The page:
Nashville Churches tend to feed families in 7 or 8 zip codes across Tennessee, a new study revealed.
According to a study, done by Tracy Noerper in the Journal of Nutrition Education and Behavior, there are two particular churches that reach at least 20 zip codes, one of which reached 30 zip codes. Even small churches, or those that have a membership of less than 100 members, still reach a staggering 3 zip codes.
How does this happen? Well, according to the study's author, one way is through word of mouth. "If people get a good bag of groceries, they might tell other people in need, in their families, or people in their apartment complex. And through these networks, all of the city is being served," Noerper told Christianity Today. In other words, "word gets around," she told the news outlet.
However, there was one interesting conclusion the study found. Larger churches, while still having substantial reach, only reached between 5 and 6 zip codes, which is smaller than the average of 7 to 8 for medium-sized churches. While it is unknown why this is the case, some theories Noerper reportedly proposed to Christianity Today are that these larger churches are more suburban and thus cannot be as easily reached as many medium and small churches.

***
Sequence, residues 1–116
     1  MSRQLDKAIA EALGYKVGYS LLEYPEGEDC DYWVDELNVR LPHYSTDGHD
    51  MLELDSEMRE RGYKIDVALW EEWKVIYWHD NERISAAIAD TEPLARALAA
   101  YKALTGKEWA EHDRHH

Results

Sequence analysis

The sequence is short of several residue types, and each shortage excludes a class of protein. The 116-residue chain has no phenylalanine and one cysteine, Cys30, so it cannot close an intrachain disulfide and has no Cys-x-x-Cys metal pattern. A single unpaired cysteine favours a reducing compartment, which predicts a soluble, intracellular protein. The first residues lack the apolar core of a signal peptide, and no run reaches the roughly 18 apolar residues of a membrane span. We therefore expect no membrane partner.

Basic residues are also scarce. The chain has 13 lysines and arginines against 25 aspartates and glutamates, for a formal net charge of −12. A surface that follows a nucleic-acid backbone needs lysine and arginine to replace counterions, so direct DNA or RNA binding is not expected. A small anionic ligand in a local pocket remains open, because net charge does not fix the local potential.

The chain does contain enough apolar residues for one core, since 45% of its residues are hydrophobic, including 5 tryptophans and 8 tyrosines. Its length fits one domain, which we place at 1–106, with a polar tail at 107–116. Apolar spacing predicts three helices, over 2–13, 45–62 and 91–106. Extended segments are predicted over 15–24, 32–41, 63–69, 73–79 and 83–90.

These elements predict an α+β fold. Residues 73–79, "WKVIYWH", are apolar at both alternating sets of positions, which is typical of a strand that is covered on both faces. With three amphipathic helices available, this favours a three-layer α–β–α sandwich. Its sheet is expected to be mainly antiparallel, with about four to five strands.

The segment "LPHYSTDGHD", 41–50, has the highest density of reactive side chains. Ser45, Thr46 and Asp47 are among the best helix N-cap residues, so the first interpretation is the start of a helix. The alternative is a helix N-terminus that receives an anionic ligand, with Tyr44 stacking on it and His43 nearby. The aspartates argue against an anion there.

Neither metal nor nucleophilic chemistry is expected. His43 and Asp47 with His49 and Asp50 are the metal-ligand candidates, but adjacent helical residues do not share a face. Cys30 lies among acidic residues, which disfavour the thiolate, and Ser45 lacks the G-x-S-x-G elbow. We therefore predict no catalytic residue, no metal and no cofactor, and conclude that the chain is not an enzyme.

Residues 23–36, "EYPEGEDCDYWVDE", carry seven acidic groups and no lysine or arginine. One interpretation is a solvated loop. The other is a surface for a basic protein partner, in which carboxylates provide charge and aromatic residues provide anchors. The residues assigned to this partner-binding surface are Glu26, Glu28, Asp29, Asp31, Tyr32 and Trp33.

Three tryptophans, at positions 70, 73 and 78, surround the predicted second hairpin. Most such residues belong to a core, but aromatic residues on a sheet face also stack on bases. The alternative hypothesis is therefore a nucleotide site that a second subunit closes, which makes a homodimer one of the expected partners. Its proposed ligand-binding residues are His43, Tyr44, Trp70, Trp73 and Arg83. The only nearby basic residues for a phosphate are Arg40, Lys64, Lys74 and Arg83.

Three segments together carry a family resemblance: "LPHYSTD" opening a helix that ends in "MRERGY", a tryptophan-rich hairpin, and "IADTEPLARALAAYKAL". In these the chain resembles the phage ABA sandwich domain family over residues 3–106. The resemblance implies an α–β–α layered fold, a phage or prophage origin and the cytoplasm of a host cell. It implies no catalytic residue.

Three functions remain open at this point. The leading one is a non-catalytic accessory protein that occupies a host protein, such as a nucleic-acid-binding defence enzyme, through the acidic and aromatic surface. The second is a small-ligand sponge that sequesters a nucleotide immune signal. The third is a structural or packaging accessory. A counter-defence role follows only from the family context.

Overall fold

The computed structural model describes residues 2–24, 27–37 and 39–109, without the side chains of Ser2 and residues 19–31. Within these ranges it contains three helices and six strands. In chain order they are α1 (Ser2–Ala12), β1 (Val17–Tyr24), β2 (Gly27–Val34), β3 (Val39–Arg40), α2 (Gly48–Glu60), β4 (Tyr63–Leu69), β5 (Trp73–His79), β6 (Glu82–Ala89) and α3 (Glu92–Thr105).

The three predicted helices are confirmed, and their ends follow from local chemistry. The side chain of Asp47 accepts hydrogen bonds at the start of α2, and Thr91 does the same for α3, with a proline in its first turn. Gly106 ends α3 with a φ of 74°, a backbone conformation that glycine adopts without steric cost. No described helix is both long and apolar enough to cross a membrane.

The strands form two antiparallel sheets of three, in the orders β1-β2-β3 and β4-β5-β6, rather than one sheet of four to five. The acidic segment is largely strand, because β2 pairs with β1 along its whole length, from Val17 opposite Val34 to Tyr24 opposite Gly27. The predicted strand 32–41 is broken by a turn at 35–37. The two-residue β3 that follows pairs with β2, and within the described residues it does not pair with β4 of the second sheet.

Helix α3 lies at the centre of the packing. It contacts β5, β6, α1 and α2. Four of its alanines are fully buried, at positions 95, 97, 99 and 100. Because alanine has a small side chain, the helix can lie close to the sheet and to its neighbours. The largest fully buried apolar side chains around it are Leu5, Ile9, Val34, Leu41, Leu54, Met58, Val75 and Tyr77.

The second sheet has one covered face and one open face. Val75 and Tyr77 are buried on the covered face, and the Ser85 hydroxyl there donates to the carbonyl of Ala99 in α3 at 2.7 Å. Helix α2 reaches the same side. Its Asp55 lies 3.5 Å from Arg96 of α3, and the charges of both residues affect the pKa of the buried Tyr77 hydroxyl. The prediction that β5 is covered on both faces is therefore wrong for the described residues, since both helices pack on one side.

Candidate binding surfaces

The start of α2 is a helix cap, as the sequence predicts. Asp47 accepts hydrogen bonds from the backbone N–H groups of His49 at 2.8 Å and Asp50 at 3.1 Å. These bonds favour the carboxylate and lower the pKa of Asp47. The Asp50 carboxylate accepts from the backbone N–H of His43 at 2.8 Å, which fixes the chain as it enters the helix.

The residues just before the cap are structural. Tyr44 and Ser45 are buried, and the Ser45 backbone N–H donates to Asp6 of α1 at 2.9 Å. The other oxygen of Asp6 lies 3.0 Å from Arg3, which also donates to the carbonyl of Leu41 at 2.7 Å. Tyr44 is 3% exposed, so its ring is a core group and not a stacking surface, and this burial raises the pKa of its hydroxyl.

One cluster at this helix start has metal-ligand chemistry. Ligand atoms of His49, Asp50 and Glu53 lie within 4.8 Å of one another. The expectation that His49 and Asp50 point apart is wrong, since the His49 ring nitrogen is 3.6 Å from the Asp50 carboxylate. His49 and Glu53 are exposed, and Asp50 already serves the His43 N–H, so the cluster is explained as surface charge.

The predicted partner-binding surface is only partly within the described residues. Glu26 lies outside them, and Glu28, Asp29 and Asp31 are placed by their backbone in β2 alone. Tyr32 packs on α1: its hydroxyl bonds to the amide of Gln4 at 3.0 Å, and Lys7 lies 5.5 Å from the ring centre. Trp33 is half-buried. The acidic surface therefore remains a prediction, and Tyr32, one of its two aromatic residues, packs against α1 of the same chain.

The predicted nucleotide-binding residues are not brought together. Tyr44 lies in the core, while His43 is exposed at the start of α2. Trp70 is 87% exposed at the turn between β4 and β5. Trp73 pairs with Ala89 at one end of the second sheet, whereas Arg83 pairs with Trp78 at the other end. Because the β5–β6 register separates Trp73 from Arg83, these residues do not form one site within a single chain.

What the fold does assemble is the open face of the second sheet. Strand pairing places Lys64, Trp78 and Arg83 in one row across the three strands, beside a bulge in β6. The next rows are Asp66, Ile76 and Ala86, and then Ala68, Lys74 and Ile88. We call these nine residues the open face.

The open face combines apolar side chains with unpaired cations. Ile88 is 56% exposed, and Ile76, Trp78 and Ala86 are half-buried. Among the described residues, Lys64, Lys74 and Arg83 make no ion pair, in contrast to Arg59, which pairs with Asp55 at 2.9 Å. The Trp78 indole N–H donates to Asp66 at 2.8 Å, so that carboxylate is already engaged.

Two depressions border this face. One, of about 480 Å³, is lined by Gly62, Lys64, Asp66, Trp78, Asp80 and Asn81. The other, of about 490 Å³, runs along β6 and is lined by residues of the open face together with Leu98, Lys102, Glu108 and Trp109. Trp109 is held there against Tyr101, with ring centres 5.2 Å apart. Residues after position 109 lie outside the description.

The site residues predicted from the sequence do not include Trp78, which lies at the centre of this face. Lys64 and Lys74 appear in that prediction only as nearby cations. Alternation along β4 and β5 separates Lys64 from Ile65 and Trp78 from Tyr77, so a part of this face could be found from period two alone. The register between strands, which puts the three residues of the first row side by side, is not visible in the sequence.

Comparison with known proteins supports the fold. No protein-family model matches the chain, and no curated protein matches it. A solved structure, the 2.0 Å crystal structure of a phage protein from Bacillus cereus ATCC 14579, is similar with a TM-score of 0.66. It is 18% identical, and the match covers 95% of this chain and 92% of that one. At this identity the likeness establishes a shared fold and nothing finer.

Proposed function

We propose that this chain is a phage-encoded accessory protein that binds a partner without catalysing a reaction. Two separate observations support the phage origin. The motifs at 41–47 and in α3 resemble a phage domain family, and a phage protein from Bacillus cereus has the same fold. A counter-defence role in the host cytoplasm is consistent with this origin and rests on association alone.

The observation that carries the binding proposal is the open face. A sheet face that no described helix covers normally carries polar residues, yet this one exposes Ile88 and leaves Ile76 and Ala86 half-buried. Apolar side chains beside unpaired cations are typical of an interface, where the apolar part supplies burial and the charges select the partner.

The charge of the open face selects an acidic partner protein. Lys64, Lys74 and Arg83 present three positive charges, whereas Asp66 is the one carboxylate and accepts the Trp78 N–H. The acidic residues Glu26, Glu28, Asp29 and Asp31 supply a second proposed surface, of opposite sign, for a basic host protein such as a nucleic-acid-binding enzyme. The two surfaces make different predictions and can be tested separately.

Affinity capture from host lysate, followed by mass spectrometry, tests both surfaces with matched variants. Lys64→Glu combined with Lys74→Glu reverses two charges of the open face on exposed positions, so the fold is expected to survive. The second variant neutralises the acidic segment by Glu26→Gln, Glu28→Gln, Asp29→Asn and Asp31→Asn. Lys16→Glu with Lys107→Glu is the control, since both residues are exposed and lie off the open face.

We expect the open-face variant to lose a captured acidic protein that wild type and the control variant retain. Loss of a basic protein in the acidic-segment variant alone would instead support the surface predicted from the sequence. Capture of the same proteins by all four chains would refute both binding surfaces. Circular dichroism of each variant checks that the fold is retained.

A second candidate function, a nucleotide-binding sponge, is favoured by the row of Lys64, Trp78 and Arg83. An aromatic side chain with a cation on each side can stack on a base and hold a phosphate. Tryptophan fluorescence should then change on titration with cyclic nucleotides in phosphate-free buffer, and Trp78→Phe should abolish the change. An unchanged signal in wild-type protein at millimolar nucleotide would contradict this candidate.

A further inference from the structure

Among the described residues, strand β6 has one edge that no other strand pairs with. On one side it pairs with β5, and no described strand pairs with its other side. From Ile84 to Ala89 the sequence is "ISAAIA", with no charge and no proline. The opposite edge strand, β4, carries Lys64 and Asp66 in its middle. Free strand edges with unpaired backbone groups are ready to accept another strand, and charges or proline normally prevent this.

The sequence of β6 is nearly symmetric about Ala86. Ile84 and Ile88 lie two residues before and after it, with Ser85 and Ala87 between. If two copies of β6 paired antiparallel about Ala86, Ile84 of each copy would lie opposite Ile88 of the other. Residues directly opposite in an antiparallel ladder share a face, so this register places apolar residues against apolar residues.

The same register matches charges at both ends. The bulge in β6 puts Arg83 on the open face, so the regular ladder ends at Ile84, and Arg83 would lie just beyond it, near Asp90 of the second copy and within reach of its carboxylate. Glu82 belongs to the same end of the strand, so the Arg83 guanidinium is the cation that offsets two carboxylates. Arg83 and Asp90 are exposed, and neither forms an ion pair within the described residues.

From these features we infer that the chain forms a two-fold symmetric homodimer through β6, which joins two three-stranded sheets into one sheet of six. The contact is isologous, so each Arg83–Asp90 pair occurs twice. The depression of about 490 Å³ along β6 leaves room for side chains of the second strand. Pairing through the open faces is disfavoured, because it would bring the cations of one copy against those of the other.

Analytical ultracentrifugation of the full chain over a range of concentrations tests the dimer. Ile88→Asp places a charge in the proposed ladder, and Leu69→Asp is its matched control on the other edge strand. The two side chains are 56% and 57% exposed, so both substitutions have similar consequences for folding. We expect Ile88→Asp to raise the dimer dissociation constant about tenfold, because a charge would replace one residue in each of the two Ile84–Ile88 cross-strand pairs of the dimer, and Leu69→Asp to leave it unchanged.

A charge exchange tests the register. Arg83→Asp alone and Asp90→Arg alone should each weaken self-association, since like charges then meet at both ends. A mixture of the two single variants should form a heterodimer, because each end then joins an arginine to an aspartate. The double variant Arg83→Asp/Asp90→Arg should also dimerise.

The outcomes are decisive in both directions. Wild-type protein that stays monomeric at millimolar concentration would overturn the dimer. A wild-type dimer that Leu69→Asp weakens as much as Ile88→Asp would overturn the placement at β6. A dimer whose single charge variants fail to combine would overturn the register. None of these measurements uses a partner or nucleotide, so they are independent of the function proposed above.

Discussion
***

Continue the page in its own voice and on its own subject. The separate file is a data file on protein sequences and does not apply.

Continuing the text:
The study, titled "P13 Social Network Analysis of Urban Church Food Pantries," looked at 93 churches, 46 of which had an on-site food pantry, over a period of three years from 2015-2018. The study ultimately concluded that the size of the church was not a factor in how far the church reached, but simply the fact these churches tried to give quality food to people in need was the major determining factor to how successful the food pantry was.
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John Paluska has been a contributor for Christian Headlines since 2016 and is the founder of The Washington Gazette, a news outlet he relaunched in 2019 as a response to the constant distribution of fake news.